Piping plovers are nesting on Parsons Beach for the first time in recent years, and dogs are banned through July, when they take flight. This piping plover chick was photographed on a Scarborough beach in 2019. Tammy Wells photo

KENNEBUNK – Dog owners who plan to visit Parsons Beach must wait to bring Fido because of some very special visitors taking up temporary quarters there.

Parsons Beach opened Friday afternoon, June 26.

Given that piping plovers are nesting on the sandy beach, hatching tiny eggs, and with infant plovers running about, the select board on Tuesday, June 22, voted unanimously to keep dogs off the beach, through the end of July, when the birds move on.

Piping plovers are classified as an endangered species by the state and a threatened species by the U.S. Fish and Wildlife Service. This is the first-time plovers have nested on Parsons Beach since 2017, and before then,  in  2011 and 2008, according to Kate O’Brien, a wildlife biologist at Rachel Carson National Wildlife Refuge.

Although there is fencing around the area where the plovers nest, the tiny birds and their tinier offspring are still vulnerable to dogs, said Town Manager Michael Pardue.

The chicks hatch in June, and take flight in late July, he said.

The select board briefly considered requiring dogs to be leashed on Parsons Beach before 9 a.m. and after 5 p.m., the traditional times dogs are allowed to be on Kennebunk’s beaches, but after considering the matter further, voted on the ban.

Board member Shiloh Schulte, a shorebird recovery coordinator, specifically for American oystercatchers, at the Manomet (Massachusetts) Center for Conservation Services, advised that dogs not be allowed on the beach until it is safe for the plovers.

Piping plovers have returned to Parsons Beach in Kennebunk for the first time in three years. This adult female piping plover was photographed on a Scarborough beach in 2019. Tammy Wells photo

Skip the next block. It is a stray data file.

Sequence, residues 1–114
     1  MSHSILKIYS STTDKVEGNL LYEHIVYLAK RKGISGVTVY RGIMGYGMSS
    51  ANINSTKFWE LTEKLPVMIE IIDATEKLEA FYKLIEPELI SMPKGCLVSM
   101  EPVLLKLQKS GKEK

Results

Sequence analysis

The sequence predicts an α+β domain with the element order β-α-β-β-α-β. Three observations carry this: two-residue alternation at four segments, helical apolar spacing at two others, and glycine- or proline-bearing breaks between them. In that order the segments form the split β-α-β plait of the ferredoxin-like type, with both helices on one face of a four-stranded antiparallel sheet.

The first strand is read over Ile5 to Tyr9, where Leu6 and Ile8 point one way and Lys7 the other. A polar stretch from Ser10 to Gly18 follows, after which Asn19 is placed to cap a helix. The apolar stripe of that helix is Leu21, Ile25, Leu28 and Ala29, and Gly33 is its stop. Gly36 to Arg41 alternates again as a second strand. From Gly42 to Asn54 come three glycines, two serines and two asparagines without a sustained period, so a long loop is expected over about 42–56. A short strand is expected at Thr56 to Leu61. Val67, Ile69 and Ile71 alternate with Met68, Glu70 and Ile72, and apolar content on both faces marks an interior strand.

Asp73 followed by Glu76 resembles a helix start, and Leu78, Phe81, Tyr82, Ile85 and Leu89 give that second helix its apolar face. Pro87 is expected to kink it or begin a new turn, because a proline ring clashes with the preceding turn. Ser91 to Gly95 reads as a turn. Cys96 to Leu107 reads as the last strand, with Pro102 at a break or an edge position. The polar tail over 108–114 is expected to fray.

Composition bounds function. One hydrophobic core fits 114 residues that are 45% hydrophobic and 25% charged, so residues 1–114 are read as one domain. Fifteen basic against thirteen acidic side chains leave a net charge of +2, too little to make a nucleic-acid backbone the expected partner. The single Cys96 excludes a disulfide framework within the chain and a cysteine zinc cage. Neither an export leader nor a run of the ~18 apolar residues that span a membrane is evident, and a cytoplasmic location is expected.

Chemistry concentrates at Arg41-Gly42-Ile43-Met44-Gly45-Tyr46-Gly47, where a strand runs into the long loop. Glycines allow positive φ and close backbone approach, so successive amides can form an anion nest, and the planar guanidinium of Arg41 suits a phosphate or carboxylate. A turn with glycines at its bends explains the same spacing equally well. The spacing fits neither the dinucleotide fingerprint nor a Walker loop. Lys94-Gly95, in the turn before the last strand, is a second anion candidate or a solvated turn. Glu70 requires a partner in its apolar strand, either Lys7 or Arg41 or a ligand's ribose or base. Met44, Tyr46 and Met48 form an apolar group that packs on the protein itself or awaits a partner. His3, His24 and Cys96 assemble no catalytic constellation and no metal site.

He said temporarily banning dogs is the best practice to assure survival. He said one of the biggest threats to piping plovers are people and dogs.

“The best practice is no dogs,” Schulte said, and noted that if a dog does kill a plover, there are consequences.

A piping plover chick was killed by a dog on Pine Point Beach in Scarborough in July, 2013.

O’Brien said since 2000, there have been 14 pairs of plovers at Parsons Beach, though pairs were sparse in some years and in many years nonexistent. In some years when they were present, no fledglings resulted. The last time fledglings were produced at Parsons Beach was in 2011, when there were four, according to statistics provided by O’Brien in an email.

She said the staff and interns at Rachel Carson National Wildlife Refuge work closely with the Parsons family to monitor the birds. and that the town of Kennebunk has offered support when the birds are present, making the public aware of them, and any special restrictions.

“It is very exciting for the plovers to be back at such a special spot,” O’Brien said.

And while the goal is for the birds to produce fledglings to stabilize the plover population, she struck a note of caution.

“With plovers, as with almost any wildlife, it is possible to do everything right, and work hard for success and Mother Nature has a different plan and chicks don’t survive” she said. “However, we are very hopeful – these birds have a lot of support.”

Because piping plovers are nesting at Parsons Beach in Kennebunk, dogs are prohibited through the end of July. Dan King photo

According to Maine Inland Fisheries & Wildlife, there have been several instances where plover chicks or plover eggs have been harmed in Maine this season. In a news release, I F & W asked those who witness someone or something harming plovers or disturbing nesting areas to report the behavior to the Maine Warden Service by calling 1-800-452-4664.

Statewide, piping plovers seem to be making a comeback.

Maine Audubon, which monitors both piping plovers and least terns, reported that in 2019, there were a total of 89 pairs of piping plovers in the state that nested and produced 175 fledged young.

In 2018, there were 68 nesting pairs statewide, which resulted in 128 fledged birds. according to Maine Audubon reports.

Nine years ago, in 2011, there were just 33 nesting pairs statewide. No report on the number of fledglings produced was available.

Parsons Beach had been closed, as were all Kennebunk beaches, because of coronavirus restrictions. While the other beaches opened earlier this month, Parsons remained closed due to a tree re-planting project and road work that has been completed. Now, all Kennebunk beaches are open.

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